Posted at 11:22 AM on December 14, 2007
by Craig Edwards
I was bemused when monitoring national press coverage of ice storm earlier this week from Oklahoma to Indiana. Journalist favored a closing sound bite, noting that the official start of winter was still ten days away. Nature operates on her own time table!
While the shortest daylight hours occur on December 22nd, it is a stretch to equate this late December day with the official start of winter in the Northern Hemisphere. Temperatures have been down right nippy, when not bitterly cold in much of Minnesota since the waning days of November.
Meteorologists, in an attempt to simplify historical records, cluster the three month period of December through February as the winter season. Indeed, experiencing snowfall, icy winds and sub zero temperatures the last couple of weeks, I’d say winter’s arrival coincided with the meteorologist’s rationale.
To proclaim that the official start of winter comes on the Winter Solstice is to equate the official start of the holiday shopping season on Black Friday. Plenty of shopping takes place well before the Friday after Thanksgiving and a decent amount of winter occurs before the daylight begins to lengthen.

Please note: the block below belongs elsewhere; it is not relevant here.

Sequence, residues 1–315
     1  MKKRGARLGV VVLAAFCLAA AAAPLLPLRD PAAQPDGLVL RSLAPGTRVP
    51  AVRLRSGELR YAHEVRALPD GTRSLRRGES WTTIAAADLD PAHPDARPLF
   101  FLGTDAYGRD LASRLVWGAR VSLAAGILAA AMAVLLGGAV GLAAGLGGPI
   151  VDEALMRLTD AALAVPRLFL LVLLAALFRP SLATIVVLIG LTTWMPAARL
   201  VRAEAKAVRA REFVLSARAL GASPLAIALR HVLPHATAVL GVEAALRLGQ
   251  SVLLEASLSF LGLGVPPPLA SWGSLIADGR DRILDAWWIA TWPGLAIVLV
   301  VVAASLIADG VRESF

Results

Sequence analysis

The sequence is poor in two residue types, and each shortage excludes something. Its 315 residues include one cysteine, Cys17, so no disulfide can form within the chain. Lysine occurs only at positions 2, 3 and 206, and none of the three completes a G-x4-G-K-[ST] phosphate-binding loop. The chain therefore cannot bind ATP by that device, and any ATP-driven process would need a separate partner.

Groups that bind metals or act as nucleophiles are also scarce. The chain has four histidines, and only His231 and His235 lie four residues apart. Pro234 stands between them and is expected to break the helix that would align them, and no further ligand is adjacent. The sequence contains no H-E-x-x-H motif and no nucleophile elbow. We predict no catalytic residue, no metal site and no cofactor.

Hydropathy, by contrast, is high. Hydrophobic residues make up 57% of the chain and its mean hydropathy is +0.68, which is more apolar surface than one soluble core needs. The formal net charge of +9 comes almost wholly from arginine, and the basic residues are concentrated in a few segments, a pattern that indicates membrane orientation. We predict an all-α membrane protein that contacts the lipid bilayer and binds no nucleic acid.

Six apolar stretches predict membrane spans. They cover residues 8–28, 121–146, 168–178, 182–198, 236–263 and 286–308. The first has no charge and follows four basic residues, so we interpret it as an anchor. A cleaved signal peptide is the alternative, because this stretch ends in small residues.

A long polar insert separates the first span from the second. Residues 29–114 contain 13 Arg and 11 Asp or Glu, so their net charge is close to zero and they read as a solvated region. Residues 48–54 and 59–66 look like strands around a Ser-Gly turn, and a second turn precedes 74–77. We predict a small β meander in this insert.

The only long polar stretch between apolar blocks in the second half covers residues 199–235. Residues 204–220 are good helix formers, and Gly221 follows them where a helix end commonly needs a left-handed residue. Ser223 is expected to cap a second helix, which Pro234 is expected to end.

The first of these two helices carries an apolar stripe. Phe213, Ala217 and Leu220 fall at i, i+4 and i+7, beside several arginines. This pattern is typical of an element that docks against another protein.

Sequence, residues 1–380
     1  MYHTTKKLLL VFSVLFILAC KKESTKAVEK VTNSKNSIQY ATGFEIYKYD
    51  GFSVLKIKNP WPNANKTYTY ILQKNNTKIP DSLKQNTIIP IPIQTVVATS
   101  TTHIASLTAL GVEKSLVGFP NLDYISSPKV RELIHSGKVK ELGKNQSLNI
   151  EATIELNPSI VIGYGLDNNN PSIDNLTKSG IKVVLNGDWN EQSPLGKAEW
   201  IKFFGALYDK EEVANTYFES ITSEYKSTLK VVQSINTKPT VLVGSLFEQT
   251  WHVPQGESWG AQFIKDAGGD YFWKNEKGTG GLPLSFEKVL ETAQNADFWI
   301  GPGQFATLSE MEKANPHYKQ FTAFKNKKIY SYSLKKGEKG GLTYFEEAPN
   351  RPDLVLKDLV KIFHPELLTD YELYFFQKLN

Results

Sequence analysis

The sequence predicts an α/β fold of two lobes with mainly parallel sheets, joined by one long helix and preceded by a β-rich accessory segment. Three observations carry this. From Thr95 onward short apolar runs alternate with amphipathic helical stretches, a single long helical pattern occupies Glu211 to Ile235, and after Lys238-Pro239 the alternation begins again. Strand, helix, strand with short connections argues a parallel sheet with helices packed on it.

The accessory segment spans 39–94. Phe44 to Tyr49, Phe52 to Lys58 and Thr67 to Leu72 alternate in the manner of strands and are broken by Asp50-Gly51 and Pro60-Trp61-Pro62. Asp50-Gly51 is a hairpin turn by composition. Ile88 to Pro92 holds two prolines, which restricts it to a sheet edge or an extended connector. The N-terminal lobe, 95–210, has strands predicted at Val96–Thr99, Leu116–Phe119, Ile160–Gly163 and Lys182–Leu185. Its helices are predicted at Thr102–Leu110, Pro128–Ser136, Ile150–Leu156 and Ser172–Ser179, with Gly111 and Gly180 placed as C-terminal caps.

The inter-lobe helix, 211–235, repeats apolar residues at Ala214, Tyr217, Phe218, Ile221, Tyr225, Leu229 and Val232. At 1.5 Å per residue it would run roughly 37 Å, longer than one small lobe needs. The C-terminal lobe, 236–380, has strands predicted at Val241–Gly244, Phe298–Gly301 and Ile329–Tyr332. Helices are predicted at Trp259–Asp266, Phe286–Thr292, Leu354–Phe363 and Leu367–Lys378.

Would it be too arrogant to suggest that journalist call winter when they see it, not assigning the season a specific start up date? From where I sit, I have a hard time believing that the first two weeks of December 2007 could be accurately referred to as late autumn.
I agree with your intent there, Craig. So if the storm happens the day after the solstice, it's a winter storm, but two days earlier, it's a late-fall storm? What's the difference?
Well, sometimes wintry weather can hit early. Recall the Halloween Blizzard. Would one say that winter started on October 31 that year? Especially when nearly all that snow had (officially) melted by Thanksgiving?
I'd like to see the seasons redefined as starting (and ending) on the cross-quarter days, so that the solstices and equinoxes would be in the middle of the season. Summer, to me, should be the quarter (slightly longer due to Earth's elliptical orbit) of the year when the sun is highest in the sky.
Yeah, I know: good luck on that.